An alternative approach in developing new formulation of cheese with natural compounds was that adopted by Fadavi and Beglaryan [89]: the authors, by means of the response surface methodology, investigated the simultaneous effect of different levels of peppermint extract, starter, rennet, and ripening time on the antioxidant activity and sensory score of ultrafiltrated-feta cheese, with the aim of finding the optimum parameters to give the cheese with the highest antioxidant activity and sensory score. The authors’ results showed that the rennet concentration and the ripening time had, respectively, a negative and positive effect on the antioxidant activity. Peppermint extract, instead, played a crucial role in the acceptance of the cheese samples and showed a negative effect on the sensory score. Therefore the authors proposed the following best solution: 227 μg/g cheese for peppermint extract, 2.7 g/100 kg retentate for starter, 1.3 g/100 kg retentate for rennet, and 41.7 days for ripening time, which resulted in the highest consumers acceptability (sensory score 5.02) and the highest functional value of the cheese (antioxidant activity 48%).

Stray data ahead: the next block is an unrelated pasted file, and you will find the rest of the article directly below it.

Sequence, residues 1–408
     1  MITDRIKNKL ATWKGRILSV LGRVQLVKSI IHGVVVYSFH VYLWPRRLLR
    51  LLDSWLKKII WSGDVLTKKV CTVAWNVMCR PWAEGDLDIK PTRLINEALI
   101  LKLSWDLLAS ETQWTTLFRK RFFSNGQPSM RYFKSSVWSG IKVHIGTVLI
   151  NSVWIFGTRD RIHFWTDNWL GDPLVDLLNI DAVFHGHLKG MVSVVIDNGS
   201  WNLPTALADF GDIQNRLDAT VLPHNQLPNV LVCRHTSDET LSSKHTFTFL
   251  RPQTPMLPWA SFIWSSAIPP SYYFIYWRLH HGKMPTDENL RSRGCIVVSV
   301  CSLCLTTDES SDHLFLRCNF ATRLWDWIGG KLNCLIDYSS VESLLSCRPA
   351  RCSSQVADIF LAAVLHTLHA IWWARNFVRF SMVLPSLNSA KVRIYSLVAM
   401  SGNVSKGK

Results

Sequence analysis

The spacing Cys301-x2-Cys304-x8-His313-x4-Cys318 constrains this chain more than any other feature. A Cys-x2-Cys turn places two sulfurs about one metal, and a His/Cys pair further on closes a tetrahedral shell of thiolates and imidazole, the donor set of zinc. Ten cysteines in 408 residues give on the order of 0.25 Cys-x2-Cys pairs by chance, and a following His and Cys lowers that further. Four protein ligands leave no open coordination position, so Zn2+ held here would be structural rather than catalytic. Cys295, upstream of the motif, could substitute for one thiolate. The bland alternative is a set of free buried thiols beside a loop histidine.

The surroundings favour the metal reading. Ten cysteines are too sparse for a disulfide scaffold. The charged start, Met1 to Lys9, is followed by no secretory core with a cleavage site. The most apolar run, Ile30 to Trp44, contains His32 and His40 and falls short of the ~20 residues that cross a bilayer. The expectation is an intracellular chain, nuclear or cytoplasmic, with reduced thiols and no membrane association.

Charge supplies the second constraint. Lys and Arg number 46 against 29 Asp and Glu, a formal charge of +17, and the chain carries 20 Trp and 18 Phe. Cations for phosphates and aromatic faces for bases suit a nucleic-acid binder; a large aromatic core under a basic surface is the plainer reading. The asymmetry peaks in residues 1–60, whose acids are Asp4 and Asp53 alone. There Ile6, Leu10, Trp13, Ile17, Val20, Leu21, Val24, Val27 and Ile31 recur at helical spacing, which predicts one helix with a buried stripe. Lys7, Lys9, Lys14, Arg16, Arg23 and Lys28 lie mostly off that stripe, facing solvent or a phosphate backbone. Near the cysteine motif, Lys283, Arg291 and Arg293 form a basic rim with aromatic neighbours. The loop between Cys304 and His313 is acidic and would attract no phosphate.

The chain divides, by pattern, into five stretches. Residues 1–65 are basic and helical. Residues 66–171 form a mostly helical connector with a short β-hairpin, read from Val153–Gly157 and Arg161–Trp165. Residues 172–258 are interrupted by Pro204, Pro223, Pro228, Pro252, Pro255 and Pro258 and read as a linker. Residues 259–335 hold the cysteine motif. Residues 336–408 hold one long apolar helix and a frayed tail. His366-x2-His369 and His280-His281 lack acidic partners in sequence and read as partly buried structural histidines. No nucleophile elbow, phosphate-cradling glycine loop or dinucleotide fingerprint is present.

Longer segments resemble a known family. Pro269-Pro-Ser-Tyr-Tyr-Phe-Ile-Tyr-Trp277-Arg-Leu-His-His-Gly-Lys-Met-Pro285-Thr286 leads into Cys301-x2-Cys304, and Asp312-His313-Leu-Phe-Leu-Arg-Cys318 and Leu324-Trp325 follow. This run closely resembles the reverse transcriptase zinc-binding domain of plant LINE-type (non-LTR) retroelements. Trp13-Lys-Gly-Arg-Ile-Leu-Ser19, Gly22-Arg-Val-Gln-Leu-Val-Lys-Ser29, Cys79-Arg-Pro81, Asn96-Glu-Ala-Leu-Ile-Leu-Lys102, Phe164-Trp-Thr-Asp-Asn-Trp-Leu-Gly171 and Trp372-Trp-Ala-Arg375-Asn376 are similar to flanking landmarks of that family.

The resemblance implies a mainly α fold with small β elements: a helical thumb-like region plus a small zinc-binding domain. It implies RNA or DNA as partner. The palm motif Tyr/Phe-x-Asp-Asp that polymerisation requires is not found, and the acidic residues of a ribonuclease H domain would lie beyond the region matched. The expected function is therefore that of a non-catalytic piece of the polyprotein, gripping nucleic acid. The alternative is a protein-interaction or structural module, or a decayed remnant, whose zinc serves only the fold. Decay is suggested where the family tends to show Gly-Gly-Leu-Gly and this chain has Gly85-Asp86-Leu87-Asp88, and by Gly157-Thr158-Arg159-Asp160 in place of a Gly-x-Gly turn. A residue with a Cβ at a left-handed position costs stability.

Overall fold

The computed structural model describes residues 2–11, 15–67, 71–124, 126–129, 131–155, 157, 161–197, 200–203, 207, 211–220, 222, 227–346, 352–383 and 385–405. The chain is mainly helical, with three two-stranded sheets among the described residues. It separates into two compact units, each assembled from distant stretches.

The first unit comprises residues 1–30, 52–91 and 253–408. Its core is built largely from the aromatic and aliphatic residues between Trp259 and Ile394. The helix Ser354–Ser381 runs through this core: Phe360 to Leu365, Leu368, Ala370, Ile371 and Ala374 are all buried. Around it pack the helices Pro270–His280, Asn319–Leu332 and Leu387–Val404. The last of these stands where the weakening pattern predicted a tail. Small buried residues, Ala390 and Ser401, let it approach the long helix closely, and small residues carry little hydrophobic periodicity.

5. Use of Natural Preservatives to Extend Cheese Shelf Life

The food quality is generally susceptible to changes during storage due to exposure to heat, enzymes, transition metal ions, oxygen, and light, resulting in potential food degradation or formation of active flavor compounds [90]. In particular dairy products, as well as other water–oil emulsions, can suffer hydrolytic and oxidative rancidity [91], resulting in the release of some volatile fatty acids (C4–C10), their subsequent conversion to other acids and/or ethyl esters, oxidation of lipids to form secondary oxidation products, essentially aldehydes, and production of some organic acids [90]. Most of these compounds are responsible of the bed odor and taste of cheese.